The dismissals came after an investigation into their possible ties to white supremacy. East and Woodward were leaders of the Heathen group, Ravensblood Kindred, and had attended a speech given by Richard Spencer in 2017, and posted pictures of themselves online carrying signs referencing “white genocide.”
The allegations were first brought to light by the activist group, Atlanta Antifascists, and then later reinforced by Anti-Defamation League (ADL). The ADL sought a formal investigation by the Harralson County officials since East worked for the Harralson County Sheriff’s office as a jailer. Eventually, Haralson County Sheriff, Eddie Mixon forced East to resign.
Earlier this month, the Alabama National Guard sent East papers of separation, effectively ending his service.
At the time of the original investigation, Woodward was still on active duty in Afghanistan and did not return to the U.S. until his deployment ended in June. The investigation by the Georgia National Guard into his activities concluded in sometime in October. Details of his discharge are unclear, but a spokesperson for Georgia National Guard said Woodward is no longer a member and would not reveal the details.
According to East in an interview with The Atlanta Journal-Constitution, the Army recommended to the Alabama National Guard a “general discharge” which indicates unacceptable conduct that is not in accord with military standards, rather than an “honorable discharge.” East has 45 days to contest the findings of the investigation.
TWH will continue to follow this story and report any new developments.
* Editorial correction – The Alabama guard member who was dismissed was Brandon Trent East. The first mention of his full name inadvertently left off his last name.
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LAS VEGAS – Nevada Army National Guard service member, Sgt. 1st Class Benjamin Hopper has been granted permission for a uniform religious exception to grow and wear a beard based upon his Norse Pagan beliefs.
While Sgt, Hopper is not the first military personnel to be granted a religious exemption based on his Heathen faith, he is the first National Guard member to appeal and obtain an exemption.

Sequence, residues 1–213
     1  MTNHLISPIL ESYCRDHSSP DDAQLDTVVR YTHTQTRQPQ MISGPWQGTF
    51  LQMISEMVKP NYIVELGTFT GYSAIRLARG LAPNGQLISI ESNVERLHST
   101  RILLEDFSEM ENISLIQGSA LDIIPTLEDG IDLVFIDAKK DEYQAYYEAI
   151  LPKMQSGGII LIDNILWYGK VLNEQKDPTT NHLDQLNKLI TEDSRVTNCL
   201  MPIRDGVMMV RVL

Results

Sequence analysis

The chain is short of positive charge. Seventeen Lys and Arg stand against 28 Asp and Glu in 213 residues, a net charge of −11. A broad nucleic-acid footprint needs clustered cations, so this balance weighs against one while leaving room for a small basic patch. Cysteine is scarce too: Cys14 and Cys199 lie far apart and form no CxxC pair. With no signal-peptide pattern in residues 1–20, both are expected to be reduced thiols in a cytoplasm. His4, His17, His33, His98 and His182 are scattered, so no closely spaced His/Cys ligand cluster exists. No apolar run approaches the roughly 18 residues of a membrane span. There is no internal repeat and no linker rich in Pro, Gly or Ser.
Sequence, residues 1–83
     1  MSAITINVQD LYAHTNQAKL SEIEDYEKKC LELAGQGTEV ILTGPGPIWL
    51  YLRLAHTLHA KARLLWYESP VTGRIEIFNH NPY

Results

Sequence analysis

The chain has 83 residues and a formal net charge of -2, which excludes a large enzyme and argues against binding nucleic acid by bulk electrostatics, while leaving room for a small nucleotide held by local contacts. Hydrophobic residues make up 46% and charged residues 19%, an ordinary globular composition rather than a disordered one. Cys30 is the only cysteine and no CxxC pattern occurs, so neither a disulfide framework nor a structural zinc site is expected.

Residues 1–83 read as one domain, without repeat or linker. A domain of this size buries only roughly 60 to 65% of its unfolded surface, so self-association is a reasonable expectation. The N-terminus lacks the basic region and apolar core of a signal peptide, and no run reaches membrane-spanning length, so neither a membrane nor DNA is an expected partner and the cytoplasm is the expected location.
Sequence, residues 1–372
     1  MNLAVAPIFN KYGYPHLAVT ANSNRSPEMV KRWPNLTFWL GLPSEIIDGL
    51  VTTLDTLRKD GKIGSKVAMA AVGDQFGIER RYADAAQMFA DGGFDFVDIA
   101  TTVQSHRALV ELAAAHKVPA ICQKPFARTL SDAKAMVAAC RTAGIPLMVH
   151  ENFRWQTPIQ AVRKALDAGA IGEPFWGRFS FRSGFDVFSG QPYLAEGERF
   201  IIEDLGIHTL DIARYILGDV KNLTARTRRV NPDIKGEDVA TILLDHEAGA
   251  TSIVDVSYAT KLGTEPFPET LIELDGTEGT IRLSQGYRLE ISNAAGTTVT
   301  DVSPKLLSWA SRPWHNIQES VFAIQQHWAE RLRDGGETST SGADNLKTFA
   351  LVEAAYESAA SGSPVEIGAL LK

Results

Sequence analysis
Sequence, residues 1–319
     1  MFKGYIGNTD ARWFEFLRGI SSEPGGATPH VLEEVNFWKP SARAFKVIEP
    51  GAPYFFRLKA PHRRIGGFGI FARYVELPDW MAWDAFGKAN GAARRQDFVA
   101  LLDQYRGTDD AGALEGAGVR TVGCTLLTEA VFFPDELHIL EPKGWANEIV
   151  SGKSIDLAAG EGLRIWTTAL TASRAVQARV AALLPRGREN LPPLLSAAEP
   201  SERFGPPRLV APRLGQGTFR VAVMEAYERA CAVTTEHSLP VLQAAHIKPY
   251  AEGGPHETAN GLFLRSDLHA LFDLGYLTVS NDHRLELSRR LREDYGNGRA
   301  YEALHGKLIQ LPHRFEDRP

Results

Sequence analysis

In May of 2018, TWH reported on a U.S. Army service member who was granted an exemption based on his Heathen path and beliefs. Unlike other faiths that make beards and the cutting of hair a core part of their religious practices, like the Sikhs, there is no real standard within Heathenry that mandates wearing a beard as a core tenet of the practice.
In July of this year, Air Force airman, Staff Sgt. Garrett Sopchak had his request granted to maintain a beard as a symbol of his religion of Heathenry, provided he kept it short and neat and compiled with military guidelines on presenting a professional appearance befitting a service member.
Since 2017, service members have been able to submit requests for religious exemptions when it comes to faith-based dress and hair restrictions like those of the Sikhs and Muslims. Granting the same accord to those who practice Heathenry and feel that wearing a beard is an important symbol of their faith seems like a logical next step for the U.S. armed forces.
In other news:
- Two recently excavated tombs in the ancient city of Pylos in Greece were excavated by an American team of archaeologists from the University of Cincinnati. The team discovered a gold pendant depicting the Ancient Egyptian Goddess Hathor. Hathor is the goddess of the sky, women, fertility and love, and also, a protector of the dead. Among the artifacts found, a ring showing bulls with barley. Archaeologists believe these finds may help to establish and support the theory that trade existed between Pylos and Egypt at the time of Greece’s Mycenaean civilization.
- Earlier this month Dutch researchers announced that they believe the building commonly known as the “Parthenon” in Greece is incorrectly identified. They believe the name “Parthenon” refers to an entirely different building, one that was actually a treasury that contained the offerings to Athena and is currently referred to as the Erechtheion. The researchers believe the massive stone temple that most would identify as the “Parthenon” should be known by its original Greek name of Hekatompedon. Considering the difficulty in pronunciation, researchers have suggested simply calling it, “The Great Temple of Athena.”
- An Australian man, David Hole, recently discovered a rock he found several years ago and believed to be gold, was actually a fairly rare meteorite. Hole tried a variety of methods to crack open the rock–drilling, sledgehammer, and even a saw. Eventually, he decided to take it to the Melbourne Museum to be identified. The rock weighing more than 37 pounds, is over a billion-years-old and has a composition that makes it an H5 ordinary chondrite, has been dubbed by researchers the Maryborough meteorite. It is one of only 17 meteorites found in the Australian state of Victoria and the second largest.